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The Hobbit opens in theaters tonight at midnight. (Courtesy Warner Bros. Entertainment Inc.)
The Hobbit opens in theaters tonight at midnight. (Courtesy Warner Bros. Entertainment Inc.)

Use of 48fps in “The Hobbit” creates skepticism among film-goers

Fans looking forward to Peter Jackson’s return to Middle Earth this weekend might be in for a surprise if they head to specific theaters. Controversy has been brewing between industry heads and film-buffs alike as Jackson has disclosed that the Hobbit trilogy will be filmed using 48 frame-per-second technology, with “An Unexpected Journey” being the first film to use the technique.

The Hobbit opens in theaters tonight at midnight. (Courtesy Warner Bros. Entertainment Inc.)

Though the phrase “48 FPS” may seem like film geek jargon, Jackson’s artistic decision has been causing huge waves at prescreenings across the country. Rather than the typical rate of 24 frames per second used in films for over 80 years, the film’s technology doubles that number. This increase in framerate allows for a crisper image as well as less blurring during motion. Seems like a great idea, right? Though Jackson is confident in his vision, reactions have been mixed.

Like seeing an HDTV for the first time, the 48 FPS technology has reportedly shaken ill-prepared audience members. Nausea and cases of vomiting have been reported at pre-screenings around the world. Over at Slashfilm, Peter Sciretta described the film as looking, “like a made for television BBC movie…More noticeable in the footage was the make-up, the sets, the costumes. Hobbiton and Middle Earth didn’t feel like a different universe, it felt like a special effect, a film set with actors in costumes. It looked like behind the scenes footage.”

It seems as if the effect of the technology does indeed result in a more lifelike production values, but it seems possible that the extra inch towards reality is sending Jackson’s project over the cliff into unexplored territory.

Still, ever the visionary, Jackson stands by his decision. In’s report of Jackson’s press conference for the film, Jackson said, “I’m tending to see that anyone under the age of 20 or so doesn’t really care and thinks it looks cool, not that they understand it but they often just say that 3D looks really cool. I think 3D at 24 frames is interesting, but it’s the 48 that actually allows 3D to almost achieve the potential that it can achieve because it’s less eye strain and you have a sharper picture which creates more of the 3-dimensional world.”

Other Hollywood directors like Bryan Singer (X-Men, The Usual Suspects) and James Cameron have backed Jackson’s frame rate as well, with Cameron even hinting that the Avatar sequels may utilize the technology.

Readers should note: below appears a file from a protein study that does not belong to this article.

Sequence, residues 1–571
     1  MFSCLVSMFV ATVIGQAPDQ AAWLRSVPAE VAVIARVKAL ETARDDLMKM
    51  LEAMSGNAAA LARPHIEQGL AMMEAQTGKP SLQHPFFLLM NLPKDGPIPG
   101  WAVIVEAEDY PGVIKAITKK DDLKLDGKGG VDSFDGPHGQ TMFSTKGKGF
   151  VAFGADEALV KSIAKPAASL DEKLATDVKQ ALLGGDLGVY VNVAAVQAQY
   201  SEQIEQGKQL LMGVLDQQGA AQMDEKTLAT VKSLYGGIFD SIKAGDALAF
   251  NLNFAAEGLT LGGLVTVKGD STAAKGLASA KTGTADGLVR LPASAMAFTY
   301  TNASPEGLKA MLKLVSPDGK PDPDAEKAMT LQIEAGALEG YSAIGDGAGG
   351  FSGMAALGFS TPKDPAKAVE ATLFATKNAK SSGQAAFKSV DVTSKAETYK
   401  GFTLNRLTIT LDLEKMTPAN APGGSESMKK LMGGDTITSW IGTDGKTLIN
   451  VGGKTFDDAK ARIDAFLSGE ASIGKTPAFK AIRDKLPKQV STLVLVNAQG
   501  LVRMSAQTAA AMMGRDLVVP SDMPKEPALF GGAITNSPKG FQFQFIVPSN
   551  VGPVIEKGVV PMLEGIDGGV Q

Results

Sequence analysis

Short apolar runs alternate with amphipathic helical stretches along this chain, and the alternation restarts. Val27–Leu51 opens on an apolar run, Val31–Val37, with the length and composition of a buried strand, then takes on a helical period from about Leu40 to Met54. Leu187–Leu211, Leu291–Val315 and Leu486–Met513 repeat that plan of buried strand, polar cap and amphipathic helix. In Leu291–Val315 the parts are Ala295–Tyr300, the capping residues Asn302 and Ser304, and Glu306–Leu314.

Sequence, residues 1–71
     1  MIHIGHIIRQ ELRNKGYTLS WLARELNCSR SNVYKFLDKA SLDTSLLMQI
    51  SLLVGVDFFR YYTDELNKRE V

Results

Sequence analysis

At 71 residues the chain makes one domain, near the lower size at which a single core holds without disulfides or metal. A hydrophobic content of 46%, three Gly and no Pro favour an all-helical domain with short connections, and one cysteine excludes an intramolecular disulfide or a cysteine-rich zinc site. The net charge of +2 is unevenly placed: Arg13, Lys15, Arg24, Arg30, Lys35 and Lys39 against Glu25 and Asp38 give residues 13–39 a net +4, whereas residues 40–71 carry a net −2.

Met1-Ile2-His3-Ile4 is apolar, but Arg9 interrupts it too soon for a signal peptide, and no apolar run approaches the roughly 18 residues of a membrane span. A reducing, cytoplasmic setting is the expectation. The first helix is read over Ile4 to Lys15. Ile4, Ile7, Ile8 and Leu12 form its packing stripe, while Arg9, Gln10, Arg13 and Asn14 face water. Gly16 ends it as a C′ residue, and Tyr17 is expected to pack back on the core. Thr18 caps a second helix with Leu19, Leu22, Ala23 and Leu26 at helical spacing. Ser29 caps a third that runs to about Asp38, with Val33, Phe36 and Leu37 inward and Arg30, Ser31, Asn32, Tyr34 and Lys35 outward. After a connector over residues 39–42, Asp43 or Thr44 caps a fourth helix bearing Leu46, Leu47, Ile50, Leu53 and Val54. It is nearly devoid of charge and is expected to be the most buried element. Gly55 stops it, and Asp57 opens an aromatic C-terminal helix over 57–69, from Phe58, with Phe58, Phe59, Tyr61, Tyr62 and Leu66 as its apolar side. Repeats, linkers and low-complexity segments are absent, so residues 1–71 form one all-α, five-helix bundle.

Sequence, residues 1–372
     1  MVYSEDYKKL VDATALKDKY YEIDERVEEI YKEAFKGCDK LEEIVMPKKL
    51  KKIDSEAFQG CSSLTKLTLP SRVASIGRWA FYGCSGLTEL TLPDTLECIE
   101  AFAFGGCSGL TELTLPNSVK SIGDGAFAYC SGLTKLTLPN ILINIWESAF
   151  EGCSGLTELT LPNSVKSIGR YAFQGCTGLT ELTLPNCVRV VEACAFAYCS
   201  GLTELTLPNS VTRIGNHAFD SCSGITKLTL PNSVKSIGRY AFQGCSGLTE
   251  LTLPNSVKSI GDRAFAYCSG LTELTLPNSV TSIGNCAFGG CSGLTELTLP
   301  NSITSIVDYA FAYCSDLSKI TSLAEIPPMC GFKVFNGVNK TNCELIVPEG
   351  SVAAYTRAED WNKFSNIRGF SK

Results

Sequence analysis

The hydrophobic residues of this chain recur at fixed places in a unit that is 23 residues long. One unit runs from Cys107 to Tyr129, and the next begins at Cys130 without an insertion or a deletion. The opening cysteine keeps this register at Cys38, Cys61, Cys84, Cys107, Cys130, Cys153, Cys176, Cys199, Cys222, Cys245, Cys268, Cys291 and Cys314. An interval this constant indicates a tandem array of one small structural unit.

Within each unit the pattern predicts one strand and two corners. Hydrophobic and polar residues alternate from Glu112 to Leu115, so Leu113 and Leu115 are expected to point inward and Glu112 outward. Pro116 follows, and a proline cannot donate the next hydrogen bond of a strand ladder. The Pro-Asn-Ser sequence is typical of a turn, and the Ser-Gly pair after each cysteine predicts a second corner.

Ultimately, all talk about the film’s look will mean nothing until it is experienced. Perhaps it’s truly the surreal mind-boggler fans have been reporting, or perhaps the public will quickly adapt and wolf down the new film anyways. Complaints of queasy audiences have pervaded even films as successful as Avatar and the Twilight franchise, so early buzz claiming the film is unwatchable should be taken with a grain of salt.

Fortunately, there are currently nine theaters in Colorado planning on showing the film in all its 48 FPS glory, including Boulder’s Century Theater and the AMC Westminster Promenade 24 in Denver (showing it in IMAX), so adventurous film-goers will have a chance to experience the film.

Check out other theaters playing the format here.

Contact CU Independent Staff Writer Sam Goldner at

About Sam Goldner

Staff Writer. Sam Goldner is a junior Advertising and Political Science major and also works as the Music Director for Radio 1190. He has written for Tastemakers Magazine, hosted a radio show at WRBB in Boston, and interned at the Fox Theatre. In his free time, he enjoys watching movies, Super Smash Bros., playing guitar, riding his bike, and scouring for music.

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  1. I have caught the midnight viewing of “The Hobbit; An Unexpected Journey”. And I viewed the regular viewing, not the 3D. Let me tell you that any skepticism you are hearing about 48 frames per second is load of hogwash. It was great. Very rich detail for the eye candy. It did not diminish the movie in any way, shape, or form. I am a cinephile, and let me tell you 48 fps more then passed the eye test. And, again, this is for the regular viewing, not even 3D. Any controversy about the 48 fps is wannabe-film pundits just making noise for noise’s sake.

  2. You make it sound like aversion to the 3D process was a passing thing, something to be dismissed, but I assure you many of us get violently nauseated by it, and I for one haven’t gotten used to it. I refuse to see a film that way. I sense I may be affected the same way by 48fps, though I don’t know for sure. But the issues of 3D and its negative qualities are very much there.

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